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Adding comments to my website

I have had comments in my website for some time, this post is about how I did it and the improvements I made for better UX.

This page was published on , and last updated on .
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Note: My website is written in Rust with Rocket framework. But, just like any other website, what language or framework I use doesn't matter here. The source code can be found at my codeberg repository.

Using SQLite for database

This was a hard one to choose, I have many things planned for this website, most of which would require a high performing database. But I ended up using SQLite as it is easy to maintain and work on. Taking backups is done by a simple rsync command!

I created a table named comments and I set all columns as text, including the ID as I will be using UUID (Universally Unique IDentifier) for it. The SQL looked something like this:

CREATE TABLE IF NOT EXISTS comments (
  id TEXT NOT NULL, -- random UUID
  post TEXT NOT NULL, -- URL for the page
  name TEXT NOT NULL, -- Optional name, defaulted to anonymous
  email TEXT, -- optional email
  website TEXT, -- optional website for the commenter
  comment TEXT NOT NULL, -- the comment
  commenter TEXT NOT NULL, -- random UUID
  reply_to TEXT -- something for the future threaded replies
)

You might have noticed that I did not tell SQLite to set the default value for the name field with name TEXT DEFAULT 'anonymous'. This is because of a bug I faced in the rust SQLite library I am using, the library was not converting Option::None as NULL in SQLite. So instead, I am programmatically setting the default value for now.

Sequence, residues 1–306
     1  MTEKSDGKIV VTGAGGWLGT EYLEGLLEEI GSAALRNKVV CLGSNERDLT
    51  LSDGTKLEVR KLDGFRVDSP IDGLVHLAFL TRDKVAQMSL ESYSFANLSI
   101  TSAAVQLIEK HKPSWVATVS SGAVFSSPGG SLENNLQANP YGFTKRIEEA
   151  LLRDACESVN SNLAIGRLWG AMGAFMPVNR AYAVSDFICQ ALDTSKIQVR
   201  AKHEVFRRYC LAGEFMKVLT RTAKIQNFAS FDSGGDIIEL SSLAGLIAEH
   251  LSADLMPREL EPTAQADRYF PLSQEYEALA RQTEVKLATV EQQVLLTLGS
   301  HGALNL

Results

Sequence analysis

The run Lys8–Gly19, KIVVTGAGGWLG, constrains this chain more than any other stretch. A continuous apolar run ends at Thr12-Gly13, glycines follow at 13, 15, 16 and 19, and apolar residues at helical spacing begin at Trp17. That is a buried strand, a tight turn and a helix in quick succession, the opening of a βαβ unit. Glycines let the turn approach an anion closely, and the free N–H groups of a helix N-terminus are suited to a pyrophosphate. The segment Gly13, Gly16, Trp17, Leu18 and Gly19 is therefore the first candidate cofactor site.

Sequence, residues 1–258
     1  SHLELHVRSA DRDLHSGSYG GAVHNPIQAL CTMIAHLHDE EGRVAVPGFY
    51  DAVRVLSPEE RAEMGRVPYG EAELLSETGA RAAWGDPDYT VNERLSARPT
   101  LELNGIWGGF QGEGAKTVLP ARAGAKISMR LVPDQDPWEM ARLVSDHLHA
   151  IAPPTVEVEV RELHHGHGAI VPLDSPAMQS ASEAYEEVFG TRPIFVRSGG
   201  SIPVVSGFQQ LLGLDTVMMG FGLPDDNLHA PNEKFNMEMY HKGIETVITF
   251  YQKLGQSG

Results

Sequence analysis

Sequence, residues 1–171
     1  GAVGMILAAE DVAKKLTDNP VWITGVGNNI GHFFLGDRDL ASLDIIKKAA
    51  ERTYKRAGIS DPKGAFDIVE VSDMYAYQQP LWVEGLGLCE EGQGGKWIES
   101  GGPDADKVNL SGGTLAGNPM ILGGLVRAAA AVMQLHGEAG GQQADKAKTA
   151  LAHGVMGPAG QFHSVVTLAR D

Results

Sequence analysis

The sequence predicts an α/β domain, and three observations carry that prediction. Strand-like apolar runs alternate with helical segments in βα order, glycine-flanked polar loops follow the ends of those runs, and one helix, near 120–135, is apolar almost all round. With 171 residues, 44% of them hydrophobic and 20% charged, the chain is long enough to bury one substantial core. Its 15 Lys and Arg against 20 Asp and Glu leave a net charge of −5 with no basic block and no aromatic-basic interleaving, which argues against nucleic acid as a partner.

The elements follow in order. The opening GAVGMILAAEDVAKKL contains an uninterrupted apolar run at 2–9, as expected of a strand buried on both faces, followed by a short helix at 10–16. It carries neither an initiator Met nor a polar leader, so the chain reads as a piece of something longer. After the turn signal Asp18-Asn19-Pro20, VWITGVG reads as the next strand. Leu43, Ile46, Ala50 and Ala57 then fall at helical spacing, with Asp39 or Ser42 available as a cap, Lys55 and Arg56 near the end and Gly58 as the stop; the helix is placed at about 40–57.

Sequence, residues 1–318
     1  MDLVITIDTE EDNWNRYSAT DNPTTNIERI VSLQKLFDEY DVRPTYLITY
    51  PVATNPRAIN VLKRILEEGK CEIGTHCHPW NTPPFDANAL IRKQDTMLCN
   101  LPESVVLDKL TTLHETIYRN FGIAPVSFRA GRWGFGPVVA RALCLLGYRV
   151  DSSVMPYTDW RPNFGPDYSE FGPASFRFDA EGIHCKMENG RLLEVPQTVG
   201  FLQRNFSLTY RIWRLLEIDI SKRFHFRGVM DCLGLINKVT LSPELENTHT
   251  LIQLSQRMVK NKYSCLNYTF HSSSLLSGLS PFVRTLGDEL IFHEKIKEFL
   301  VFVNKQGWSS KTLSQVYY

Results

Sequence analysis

The comments are sent as a post request, I do some request guards there to avoid spam, more on that in the next section.

Spam control

One of the major concerns I have had about implementing a comment system was the spam control. I believe that I have very low traffic for this website as I don't have analytics to confirm, and I delete access logs fairly frequently.

I initially just accepted all the comments. Well, you could probably guess what happened, a low traffic website means that there are more bots crawling my site than humans visiting it. I frequently received spam messages, most containing links to some pharmacy in India, and some were just trolls. The links were easy to handle, I just show plain text in comments, so none of the links were rendered as HTML to avoid the visitors and search engines navigating to it.

My first plan for moderation was to send a push notification to my android phone whenever a comment was added to the website so that I can delete it quickly. I wanted to do it using UnifiedPush as I already have NextPush server hosted in my Nextcloud instance. Don't think that it is too much work, if you have a notification server set-up, it is just a matter of sending a POST request like I did. If you do not have a server to set one up, something like ntfy.sh might interest you.